What I love about this book is the fact that the characters are nameless. By doing this, McCarthy allows for their situation to extend to anyone going through what they are enduring. This new world and the challenges that come with it affect everyone who is left standing, and therefore apply to all involved.
The Road is a never-ending road and I think McCarthy does that on purpose. You’re left with an ending when the book is finished, but you still have no idea what the future will hold for those involved. When will the journey end, if ever? Are they ever really safe? Who can you trust? All unanswerable questions, but that’s what would happen in a post-apocalyptic world. We don’t know.
This book won a Pulitzer for good reason. I highly recommend this book to everyone. The writing style may be a little difficult to get used to, since you never know who is saying what. That’s also the beauty of it. Their dialogue is so interchangeable at times that it might be interesting to read it from the perspective of the man, and then the boy. A movie was done on the book, which I have yet to see, but do plan on seeing. Though if a movie will be able to convey the raw emotions that come from this book…I highly doubt. A new classic has definitely been born with The Road.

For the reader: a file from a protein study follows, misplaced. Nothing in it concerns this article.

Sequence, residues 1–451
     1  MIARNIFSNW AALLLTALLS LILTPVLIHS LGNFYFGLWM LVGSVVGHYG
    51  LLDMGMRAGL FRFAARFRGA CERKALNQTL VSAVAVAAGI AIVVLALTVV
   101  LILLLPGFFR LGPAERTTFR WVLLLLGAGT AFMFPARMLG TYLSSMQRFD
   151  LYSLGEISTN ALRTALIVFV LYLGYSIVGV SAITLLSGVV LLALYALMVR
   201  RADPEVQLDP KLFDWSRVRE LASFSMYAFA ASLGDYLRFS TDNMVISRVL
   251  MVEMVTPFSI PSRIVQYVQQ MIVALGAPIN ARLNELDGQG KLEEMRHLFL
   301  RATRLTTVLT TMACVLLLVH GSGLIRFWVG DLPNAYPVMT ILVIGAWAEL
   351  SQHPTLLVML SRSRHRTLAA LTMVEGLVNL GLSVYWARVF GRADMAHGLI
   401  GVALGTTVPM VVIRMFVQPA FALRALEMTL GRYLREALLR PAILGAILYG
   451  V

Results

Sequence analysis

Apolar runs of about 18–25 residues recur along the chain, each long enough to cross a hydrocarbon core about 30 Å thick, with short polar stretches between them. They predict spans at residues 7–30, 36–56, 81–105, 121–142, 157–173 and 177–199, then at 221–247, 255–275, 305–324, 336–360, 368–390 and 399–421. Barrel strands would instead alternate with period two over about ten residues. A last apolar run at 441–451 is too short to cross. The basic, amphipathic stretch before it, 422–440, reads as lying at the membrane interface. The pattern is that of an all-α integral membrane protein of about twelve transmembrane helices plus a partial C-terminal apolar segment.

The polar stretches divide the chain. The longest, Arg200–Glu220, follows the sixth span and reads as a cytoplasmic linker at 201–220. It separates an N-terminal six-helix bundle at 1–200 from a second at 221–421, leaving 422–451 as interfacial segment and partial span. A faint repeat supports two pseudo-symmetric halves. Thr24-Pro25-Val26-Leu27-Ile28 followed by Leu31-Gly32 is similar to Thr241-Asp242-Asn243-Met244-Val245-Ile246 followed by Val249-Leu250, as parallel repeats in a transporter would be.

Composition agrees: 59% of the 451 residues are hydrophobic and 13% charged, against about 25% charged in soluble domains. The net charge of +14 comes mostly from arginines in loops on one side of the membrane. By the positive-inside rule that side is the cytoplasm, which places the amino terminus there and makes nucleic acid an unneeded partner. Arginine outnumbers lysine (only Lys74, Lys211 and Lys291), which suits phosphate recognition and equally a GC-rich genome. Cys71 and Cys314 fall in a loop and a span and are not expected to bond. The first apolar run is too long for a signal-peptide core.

If you enjoyed reading the Sisterhood of the Traveling Pants series during your teenage years that were riddled with angst and heartbreak, then it’s time for your adult-self to read this grownup version. Sisterhood Everlasting takes place 10 years from the time the last book ended. Even though time has passed, it doesn’t seem like these girls have changed very much. Sure they’ve aged and are living in the adult world, but it seems that they keep making the same mistakes or doing the same things that their teenage selves did.
Lena is an art teacher, lonely without Kostos; Bridget is still with Eric and is still living her life as a free spirit; Carmen is a somewhat successful actress and engaged to a fellow actor of the douchey kind; and Tibby…well, no one really knows what Tibby is up to. She moved across the world to Australia with Brian and hasn’t had much contact with the girls. In fact, the girls really are not as close as they once were. The pants are gone, and it seems that their friendship dissipated without the pants to keep them together.